How much resi real estate is threatened by California fires

Almost $3 billion in property values is under threat

Dec.December 17, 2017 09:00 AM

Smoke from the Thomas Fire in Ventura County Calif. billows into the sky Dec. 10 2017. (The California National Guard/Pixabay)

As neighborhoods are evacuated and winds feed the Southern California blazes, not only are lives threatened, but about $2.8 billion worth of residential property hangs in the balance.

Yesterday, high winds propelled the Thomas Fire, one of the state’s biggest in history, towards Montecito and Santa Barbara, where up to 3,000 people were ordered to evacuate from their homes. The expanded evacuation area — about 17 miles by 5 miles — includes mansions owned by Oprah Winfrey and Ellen DeGeneres among others; the thousands of homes that could be affected are worth more than $1 billion.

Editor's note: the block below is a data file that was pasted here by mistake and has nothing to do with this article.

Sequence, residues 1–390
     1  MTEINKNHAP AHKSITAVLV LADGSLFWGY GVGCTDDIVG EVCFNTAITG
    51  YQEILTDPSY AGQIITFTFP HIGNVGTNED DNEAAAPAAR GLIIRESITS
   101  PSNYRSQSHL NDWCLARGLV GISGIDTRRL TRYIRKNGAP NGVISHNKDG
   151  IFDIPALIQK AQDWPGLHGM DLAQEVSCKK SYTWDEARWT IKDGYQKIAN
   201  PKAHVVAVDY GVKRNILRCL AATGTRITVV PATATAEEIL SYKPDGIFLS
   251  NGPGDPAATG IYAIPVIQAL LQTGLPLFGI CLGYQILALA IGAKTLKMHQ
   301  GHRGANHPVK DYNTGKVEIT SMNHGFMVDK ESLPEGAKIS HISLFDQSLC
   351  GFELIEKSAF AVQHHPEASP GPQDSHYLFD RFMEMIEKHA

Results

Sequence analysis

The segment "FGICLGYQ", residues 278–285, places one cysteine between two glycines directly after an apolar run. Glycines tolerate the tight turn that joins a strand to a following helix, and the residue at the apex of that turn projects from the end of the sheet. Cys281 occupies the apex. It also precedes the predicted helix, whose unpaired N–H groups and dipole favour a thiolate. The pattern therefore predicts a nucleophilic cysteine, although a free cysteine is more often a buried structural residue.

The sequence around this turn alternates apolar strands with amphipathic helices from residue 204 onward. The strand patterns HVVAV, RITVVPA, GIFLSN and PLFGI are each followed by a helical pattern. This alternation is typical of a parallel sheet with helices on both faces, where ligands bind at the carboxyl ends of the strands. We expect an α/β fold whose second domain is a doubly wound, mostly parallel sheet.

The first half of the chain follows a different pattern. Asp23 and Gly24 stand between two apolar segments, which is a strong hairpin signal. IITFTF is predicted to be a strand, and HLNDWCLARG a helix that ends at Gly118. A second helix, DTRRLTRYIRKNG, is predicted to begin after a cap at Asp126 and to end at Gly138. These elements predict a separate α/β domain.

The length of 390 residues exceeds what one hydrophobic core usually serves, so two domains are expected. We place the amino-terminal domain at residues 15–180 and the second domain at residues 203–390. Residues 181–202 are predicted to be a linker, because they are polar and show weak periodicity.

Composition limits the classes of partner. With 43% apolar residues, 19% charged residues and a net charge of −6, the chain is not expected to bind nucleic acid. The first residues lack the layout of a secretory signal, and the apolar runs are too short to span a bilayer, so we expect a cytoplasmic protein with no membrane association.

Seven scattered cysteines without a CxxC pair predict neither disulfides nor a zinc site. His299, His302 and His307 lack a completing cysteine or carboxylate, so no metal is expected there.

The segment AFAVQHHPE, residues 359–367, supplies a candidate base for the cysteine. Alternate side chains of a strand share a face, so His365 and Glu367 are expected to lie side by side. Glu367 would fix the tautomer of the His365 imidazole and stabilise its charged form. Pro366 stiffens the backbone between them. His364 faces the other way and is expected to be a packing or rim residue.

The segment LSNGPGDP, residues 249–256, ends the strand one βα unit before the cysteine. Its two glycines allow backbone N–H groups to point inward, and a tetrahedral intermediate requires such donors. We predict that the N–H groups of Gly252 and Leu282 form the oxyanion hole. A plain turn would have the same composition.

Though according to AP, about 700 homes have burned up in the Thomas Fire so far, a grand total of about 2,000 homes are in danger, according to’s Director of Economic Research Javier Vivas.

Here’s a look at the number of Southern California homes threatened by each fire, the average home value and the total value of residential property threatened by each blaze:

Thomas Fire (Ojai, Ventura, and Santa Barbara Co.)
Potentially Affected Residential Count: 2,007
Potentially Affected Residential Total Value: $1.6 billion
Potentially Affected Average Home Value: $824,049

Creek Fire (San Fernando Valley)
Potentially Affected Residential Count: 850
Potentially Affected Residential Total Value: $539 million
Potentially Affected Average Home Value: $634,114

Skirball Fire (Bel Air)
Potentially Affected Residential Count: 81
Potentially Affected Residential Total Value: $197 million
Potentially Affected Average Home Value: $2,435,101

Lilac Fire (San Diego County)
Potentially Affected Residential Count: 1,007
Potentially Affected Residential Total Value: $451 million
Potentially Affected Average Home Value: $447,937

Rye Fire (Santa Clarita)
No residential properties within the fire boundary.

Erin Hudson

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